All of which insures a certain disappointment—in this case—because Comes a Time is neither a knockout punch like last year’s American Stars ‘n Bars nor a wildly idiosyncratic, cracked triumph/disaster like Zuma or On the Beach. A restrained and modest set of love songs that traces a long affair from first light to final regrets, Comes a Time is an unsurprisingly “personal,” “sensitive” singer-songwriter’s offering, more like After the Gold Rush or Harvest than any other Young LP—though without most of the cloying innocence of those two enormously popular records. It’s a pleasing, clearly commercial piece of work that’s defended from slickness by Young’s insistence on playing out of tune, skewing the levels of the vocals (Nicolette Larson is sometimes given a true screech) and singing without much affectation. Comes a Time isn’t deep, it’s not threatening, and Young can’t have intended it to be: he can dive deeply and make his threats stick when he wants to. Rather, the album is meant to be straight and honest—folkish, like Young’s small-club “World Tour” at the Boarding House in San Francisco last May. The clatter and clash of Young’s best music (from “Cowgirl in the Sand” to “Like a Hurricane”), the jagged, tearing emotion that explodes even out of the messy rehearsal tapes for “Alabama” and “Words” (released on Journey through the Past) is missing, or muted.
The music doesn’t press; it’s comfortable. There’s a moment halfway through “Look Out for My Love” when the guitar turns into a fiddle and the passion rises like an omen—but it’s a moment, no more. “In the field of opportunity/It’s plowing time again” are fabulous lines—I laughed out loud when a friend quoted them to me a few months ago—but here Young has taken the glee out of them. Their ribaldry is muffled by a hokey hillbilly arrangement, and what should have been an outrageous double-entendre just sounds contrived when Young refuses to stick to his musical concept, singing “plowing” instead of the “plowin'” his country mode is begging for. The LP includes a traditional amount of traditional Neil Young sappiness, as when he wonders why the world spinning ’round doesn’t make the trees fall down.
Comes a Time comes across despite all this, partly because we know Young never has and never will make a record without glaring flaws (think of the endless “Will to Love” on American Stars ‘n Bars), and because the dose of personality it contains is bracing. Young long ago gave up trying to sing “right”; his last real attempt to do so (Neil Young, his first solo album) is made up of better songs than is Comes a Time. But it sounds stiff and emotionally compromised by comparison. Here, even on the more standard compositions, his voice wars with the facelessness of the material: it breaks, surges, drops back on itself. If at first the new LP seems all smooth surface, Young’s voice cracks that surface and carries you through the tale he’s telling, even warning at one point that he’ll soon be boring you, yet never making good on that promise. When Neil Young closes out his story with Ian Tyson’s “Four Strong Winds,” there’s a real sense of time having passed, of choices made and chances blown: the wistfulness of Tyson’s song doesn’t survive Young’s refusal to cater to its prettiness.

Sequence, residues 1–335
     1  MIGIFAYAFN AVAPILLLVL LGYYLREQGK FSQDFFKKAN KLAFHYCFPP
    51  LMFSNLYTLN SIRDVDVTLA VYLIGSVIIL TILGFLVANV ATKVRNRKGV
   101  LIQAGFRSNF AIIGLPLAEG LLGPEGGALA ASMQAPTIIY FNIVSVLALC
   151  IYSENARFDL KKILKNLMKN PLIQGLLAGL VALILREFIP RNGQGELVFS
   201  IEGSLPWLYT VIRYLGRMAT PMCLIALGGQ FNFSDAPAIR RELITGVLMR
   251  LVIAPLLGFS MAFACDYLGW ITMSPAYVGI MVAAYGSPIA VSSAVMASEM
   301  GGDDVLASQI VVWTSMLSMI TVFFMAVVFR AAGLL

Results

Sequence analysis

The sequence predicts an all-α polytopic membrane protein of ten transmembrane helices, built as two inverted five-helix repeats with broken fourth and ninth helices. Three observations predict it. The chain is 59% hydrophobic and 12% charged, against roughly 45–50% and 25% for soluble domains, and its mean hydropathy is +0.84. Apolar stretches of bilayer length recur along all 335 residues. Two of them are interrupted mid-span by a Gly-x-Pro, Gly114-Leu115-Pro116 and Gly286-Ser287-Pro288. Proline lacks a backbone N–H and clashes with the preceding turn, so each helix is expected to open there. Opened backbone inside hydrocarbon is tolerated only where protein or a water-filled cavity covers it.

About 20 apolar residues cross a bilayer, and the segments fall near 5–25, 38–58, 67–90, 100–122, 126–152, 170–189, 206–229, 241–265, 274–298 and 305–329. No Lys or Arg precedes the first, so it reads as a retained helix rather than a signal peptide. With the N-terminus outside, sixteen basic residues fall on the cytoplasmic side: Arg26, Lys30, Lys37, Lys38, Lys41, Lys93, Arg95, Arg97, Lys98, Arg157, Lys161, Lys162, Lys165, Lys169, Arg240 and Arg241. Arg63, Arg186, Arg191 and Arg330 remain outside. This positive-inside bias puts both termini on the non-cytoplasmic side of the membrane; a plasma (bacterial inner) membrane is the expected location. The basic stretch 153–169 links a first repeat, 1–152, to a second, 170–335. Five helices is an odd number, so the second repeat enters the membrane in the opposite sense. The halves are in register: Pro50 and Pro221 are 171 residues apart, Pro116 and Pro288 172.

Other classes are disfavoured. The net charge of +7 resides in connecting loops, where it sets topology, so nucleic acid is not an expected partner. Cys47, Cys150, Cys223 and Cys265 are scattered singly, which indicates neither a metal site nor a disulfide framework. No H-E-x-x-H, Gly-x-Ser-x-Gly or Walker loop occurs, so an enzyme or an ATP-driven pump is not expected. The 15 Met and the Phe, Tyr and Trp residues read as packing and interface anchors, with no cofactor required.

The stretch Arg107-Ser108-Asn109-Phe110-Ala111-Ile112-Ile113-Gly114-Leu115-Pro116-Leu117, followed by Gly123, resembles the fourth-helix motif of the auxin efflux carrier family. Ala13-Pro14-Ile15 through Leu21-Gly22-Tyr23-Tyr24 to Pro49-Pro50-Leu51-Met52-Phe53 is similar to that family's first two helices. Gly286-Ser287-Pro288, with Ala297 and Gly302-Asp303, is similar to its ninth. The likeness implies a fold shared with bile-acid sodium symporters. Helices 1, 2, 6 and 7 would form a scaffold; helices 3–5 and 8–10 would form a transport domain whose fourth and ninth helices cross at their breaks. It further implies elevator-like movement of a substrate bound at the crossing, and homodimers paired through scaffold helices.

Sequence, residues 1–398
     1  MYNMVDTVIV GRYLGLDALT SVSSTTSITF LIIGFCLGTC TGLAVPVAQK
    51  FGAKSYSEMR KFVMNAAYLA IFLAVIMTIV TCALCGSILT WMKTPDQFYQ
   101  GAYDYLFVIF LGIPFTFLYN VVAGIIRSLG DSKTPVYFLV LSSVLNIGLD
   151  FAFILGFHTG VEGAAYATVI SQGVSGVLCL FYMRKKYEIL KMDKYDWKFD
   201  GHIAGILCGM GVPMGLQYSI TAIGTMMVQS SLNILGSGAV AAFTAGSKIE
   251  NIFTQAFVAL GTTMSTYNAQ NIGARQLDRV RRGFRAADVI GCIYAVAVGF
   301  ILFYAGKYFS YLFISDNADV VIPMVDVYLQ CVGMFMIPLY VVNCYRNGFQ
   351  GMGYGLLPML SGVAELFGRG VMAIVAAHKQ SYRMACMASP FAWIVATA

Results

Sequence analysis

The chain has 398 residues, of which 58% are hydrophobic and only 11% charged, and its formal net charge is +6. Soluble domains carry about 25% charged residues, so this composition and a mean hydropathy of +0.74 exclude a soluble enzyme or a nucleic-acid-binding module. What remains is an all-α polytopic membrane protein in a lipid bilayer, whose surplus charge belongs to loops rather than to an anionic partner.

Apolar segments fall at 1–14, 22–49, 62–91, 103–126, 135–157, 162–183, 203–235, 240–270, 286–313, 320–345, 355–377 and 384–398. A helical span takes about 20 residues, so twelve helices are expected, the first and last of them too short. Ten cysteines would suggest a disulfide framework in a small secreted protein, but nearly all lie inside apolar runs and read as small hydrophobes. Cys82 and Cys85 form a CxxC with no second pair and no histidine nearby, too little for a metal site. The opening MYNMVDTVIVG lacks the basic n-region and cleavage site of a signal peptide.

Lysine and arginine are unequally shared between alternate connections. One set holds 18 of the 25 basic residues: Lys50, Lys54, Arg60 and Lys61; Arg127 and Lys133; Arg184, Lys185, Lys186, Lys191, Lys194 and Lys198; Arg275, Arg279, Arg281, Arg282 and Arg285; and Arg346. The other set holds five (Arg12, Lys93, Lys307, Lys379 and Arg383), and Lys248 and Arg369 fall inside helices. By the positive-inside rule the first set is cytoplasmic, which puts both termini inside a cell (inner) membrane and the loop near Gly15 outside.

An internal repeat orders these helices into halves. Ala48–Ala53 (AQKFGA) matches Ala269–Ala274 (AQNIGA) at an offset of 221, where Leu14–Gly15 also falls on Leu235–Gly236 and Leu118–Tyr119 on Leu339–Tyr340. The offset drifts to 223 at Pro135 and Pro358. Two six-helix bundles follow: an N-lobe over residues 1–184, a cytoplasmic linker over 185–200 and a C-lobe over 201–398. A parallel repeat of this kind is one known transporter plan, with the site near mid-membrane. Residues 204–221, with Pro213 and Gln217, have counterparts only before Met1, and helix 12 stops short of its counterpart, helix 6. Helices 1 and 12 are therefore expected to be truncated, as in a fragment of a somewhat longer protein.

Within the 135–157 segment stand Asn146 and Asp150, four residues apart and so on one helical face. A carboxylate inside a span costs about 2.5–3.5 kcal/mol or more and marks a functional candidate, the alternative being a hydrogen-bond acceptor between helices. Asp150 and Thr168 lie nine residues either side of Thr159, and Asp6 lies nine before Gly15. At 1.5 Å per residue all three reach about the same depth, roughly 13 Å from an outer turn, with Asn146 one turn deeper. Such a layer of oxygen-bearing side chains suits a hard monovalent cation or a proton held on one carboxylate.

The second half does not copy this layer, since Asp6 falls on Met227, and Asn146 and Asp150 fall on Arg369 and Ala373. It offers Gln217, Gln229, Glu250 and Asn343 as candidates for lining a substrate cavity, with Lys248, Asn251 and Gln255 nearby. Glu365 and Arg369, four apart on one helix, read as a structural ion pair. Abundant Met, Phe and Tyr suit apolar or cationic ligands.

It’s still pretty—Meat Loaf could sing “Four Strong Winds” and it’d probably still be pretty—but it’s also knocked off the pedestal that has always been part of the tune’s package. Young sings as if he talking to a real person, not as if he’s engaging in a precious reverie with himself. The unpleasantness—i.e., the utter conventionality—of the composition falls away, and the pressed-flower poetry of the chorus dissolves into something like plain talk. I found myself thinking of Bob Dylan’s “If You See Her, Say Hello” and “Shelter from the Storm.”
For all its clichés, though, “Four Strong Winds” stands out here because it’s a carefully crafted song, crafted to stick in your mind, and Young’s own songs on Comes a Time aren’t and don’t. They’re incidents on an album and they work as such, but dropped onto other records, they’d be forgettable. (Save for “Field of Opportunity,” which, despite all I’ve said against its performance, is just too neat an idea to fade from memory.) There’s a dogged retreat from musical intensity on the new disc: nothing to match the chorus of “Helpless” or the shivery hesitations of “Tonight’s the Night.” The terrible drama of Young’s guitar—a quality, based in the ancient modal figures of mountain music, that always suggests dread and courage—is present only in snatches and distant echoes. It’s those echoes that save Comes a Time from the little-boy-lost conceits of Harvest and After the Gold Rush, and the fact that they’re no more than echoes may make this LP just as commercially potent. If so, commercial success will continue to give Neil Young the freedom he has fought for, won, used and stood up to better than any rock & roller of the decade.
Junking covers and test pressings, suggesting new art and then junking that too, ending up with out-of-phase singing and worse, is all part of that freedom—a way of testing it, pushing it, seeing what one can get away with in the corporate world on which Young’s music rests. Though Comes a Time seems like a move toward easy acceptance and the act of a man who knows it’s time to tidy up his economic base, those unbalanced vocals and flat notes might be seen as the flip side of fiddling with the record company: a way of testing the audience, keeping it just a bit off guard—reminding those who’ll love Comes a Time because it can be mooned over that something a lot rougher, who knows what, is certain to follow.